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Grantee: Liangliang Hao, PhD
Institution: Massachusetts Institute of Technology
Area of Focus: Clinical Cancer Research, Nutrition, and Epidemiology
Grant Term: 2/1/2019 to 1/31/2021
The Challenge: Most deaths related to colorectal cancer (CRC) happen because the cancer spreads (metastasizes) from where it started to other places in the body. But commonly used diagnostic tests aren’t always able to find small tumors that are outside the colon or rectum (metastatic tumors).
The Research: When tumor cells “want” to spread, they carve a path to a new location by trying to change the area around them (called the microenvironment). Liangliang Hao, PhD, hypothesized that the ideal time to find and treat the cancer is when the tumor cells are working to change their microenvironment.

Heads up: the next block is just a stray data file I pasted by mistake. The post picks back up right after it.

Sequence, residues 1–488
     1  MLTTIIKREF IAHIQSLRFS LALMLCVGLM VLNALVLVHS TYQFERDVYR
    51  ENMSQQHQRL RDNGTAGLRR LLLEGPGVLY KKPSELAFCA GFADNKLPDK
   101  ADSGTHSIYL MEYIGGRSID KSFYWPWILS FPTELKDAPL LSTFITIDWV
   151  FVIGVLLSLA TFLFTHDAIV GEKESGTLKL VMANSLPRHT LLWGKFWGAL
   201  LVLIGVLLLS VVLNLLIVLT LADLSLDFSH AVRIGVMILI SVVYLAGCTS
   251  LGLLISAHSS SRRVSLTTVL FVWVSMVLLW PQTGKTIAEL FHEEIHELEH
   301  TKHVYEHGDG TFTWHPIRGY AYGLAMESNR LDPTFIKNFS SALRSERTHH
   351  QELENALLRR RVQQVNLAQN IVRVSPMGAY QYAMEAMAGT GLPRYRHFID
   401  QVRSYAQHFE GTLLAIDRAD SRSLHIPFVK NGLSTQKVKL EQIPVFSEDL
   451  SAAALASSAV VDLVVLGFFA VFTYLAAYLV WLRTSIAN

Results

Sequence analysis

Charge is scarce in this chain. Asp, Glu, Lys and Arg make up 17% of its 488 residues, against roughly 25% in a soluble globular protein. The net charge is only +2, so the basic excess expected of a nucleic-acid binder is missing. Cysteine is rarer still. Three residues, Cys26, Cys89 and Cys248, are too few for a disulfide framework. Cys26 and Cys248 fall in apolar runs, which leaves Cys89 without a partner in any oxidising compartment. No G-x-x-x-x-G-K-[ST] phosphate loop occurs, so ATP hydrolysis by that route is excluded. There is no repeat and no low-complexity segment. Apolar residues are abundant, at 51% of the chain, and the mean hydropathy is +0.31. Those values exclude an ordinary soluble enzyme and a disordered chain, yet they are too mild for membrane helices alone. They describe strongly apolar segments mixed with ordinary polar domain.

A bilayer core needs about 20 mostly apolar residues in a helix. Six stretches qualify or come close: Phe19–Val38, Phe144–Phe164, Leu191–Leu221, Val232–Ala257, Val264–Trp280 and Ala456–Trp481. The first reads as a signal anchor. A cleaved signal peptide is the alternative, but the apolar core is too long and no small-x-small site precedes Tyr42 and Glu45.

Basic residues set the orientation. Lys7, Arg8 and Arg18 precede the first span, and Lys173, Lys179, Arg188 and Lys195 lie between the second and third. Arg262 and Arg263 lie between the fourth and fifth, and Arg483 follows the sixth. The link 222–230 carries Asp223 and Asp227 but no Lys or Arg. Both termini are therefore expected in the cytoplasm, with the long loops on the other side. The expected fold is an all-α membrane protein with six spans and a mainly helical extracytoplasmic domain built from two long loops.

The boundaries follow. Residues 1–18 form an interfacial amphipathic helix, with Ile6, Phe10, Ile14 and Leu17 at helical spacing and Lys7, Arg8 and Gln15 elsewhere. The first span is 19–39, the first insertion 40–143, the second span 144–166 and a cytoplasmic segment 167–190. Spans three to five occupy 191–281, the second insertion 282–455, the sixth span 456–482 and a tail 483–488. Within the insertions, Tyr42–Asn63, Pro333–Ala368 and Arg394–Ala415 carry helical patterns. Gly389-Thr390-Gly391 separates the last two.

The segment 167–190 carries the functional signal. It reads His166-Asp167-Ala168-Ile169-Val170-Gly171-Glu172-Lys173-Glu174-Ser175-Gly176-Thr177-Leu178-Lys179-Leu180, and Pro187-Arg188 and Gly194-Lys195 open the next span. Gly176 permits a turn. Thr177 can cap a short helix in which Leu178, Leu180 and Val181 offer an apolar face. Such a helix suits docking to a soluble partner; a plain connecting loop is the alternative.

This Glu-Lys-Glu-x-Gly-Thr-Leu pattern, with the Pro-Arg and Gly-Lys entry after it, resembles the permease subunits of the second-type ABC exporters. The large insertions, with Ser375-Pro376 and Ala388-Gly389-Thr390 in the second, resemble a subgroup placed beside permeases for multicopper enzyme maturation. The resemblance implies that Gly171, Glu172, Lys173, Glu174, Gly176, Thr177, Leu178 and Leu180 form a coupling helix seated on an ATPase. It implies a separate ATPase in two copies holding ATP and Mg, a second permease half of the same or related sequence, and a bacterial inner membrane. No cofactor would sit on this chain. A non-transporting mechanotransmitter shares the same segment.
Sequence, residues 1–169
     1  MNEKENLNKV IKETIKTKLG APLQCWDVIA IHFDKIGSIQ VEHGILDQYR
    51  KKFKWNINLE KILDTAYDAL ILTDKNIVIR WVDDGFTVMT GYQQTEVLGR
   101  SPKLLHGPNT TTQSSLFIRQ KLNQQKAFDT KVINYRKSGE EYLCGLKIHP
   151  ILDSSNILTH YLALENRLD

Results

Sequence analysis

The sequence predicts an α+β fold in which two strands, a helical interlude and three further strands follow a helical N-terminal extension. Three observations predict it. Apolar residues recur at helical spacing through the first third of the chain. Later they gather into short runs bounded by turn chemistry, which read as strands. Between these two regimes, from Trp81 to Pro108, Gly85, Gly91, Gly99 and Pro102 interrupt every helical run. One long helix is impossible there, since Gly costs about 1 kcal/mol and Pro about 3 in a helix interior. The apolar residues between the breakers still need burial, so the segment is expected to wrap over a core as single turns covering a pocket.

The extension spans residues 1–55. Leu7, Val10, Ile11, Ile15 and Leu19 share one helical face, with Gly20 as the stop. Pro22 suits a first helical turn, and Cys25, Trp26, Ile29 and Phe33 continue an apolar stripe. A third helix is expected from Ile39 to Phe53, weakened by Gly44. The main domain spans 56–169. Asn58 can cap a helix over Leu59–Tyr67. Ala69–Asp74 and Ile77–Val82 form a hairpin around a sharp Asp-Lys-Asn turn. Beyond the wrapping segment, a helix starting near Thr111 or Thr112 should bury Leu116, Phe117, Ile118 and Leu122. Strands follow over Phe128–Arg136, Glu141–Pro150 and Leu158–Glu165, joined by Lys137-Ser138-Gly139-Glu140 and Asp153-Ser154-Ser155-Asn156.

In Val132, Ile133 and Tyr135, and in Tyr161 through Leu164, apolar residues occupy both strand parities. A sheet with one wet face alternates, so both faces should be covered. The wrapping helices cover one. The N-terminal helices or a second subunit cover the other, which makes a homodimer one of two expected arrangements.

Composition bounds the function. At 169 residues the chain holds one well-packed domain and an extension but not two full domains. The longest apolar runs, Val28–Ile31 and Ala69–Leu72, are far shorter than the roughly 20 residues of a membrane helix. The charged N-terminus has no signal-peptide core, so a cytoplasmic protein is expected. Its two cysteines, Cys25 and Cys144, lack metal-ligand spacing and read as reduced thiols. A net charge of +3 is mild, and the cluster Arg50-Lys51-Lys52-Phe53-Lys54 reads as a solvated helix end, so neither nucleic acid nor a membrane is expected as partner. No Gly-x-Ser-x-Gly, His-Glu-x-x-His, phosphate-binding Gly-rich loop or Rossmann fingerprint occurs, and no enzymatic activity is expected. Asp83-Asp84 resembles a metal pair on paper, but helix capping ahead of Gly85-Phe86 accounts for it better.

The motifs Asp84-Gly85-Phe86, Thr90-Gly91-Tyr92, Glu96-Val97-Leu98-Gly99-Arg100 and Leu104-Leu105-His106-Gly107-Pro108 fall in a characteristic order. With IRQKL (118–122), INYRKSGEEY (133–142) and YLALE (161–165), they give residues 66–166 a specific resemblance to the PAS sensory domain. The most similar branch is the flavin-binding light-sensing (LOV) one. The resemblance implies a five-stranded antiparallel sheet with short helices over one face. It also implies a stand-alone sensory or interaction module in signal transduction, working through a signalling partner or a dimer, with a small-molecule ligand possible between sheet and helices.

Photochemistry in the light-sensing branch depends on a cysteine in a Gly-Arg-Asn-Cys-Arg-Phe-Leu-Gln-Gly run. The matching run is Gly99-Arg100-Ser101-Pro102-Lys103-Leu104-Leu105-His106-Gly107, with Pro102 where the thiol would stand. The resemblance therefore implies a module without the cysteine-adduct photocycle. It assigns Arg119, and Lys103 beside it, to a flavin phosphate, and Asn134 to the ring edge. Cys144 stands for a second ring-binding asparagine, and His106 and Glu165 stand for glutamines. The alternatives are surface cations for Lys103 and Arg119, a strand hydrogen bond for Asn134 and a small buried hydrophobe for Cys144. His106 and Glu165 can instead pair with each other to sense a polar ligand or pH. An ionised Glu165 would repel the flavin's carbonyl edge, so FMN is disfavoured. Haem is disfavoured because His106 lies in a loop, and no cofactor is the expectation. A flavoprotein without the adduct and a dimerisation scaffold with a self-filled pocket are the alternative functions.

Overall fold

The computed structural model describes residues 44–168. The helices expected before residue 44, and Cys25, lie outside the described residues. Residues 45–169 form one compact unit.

She's developing a tiny tool that acts like a burglar alarm that may help diagnose CRC in mice early, before the cancer spreads. It’s called PRISM, and it includes sensors designed to detect changes in urine that could be related to the spread of cancer.
Hao injects this teeny probe into the mouse’s blood. Then, this is how it should work:
The final piece of Hao’s project is working to find a treatment in mice that acts like police responding to a burglar alarm. The hope is that such a treatment will go only to where new cancer is trying to grow and stop it without affecting other parts of the body.
Why Does It Matter? PRISM might make it possible to find cancer that’s trying to spread—before it’s spread. PRISM could also become an early player in precision diagnostics, which involves using diagnostic tests on patients to identify treatment options most likely to kill the cancer.
Last Revised: March 4, 2021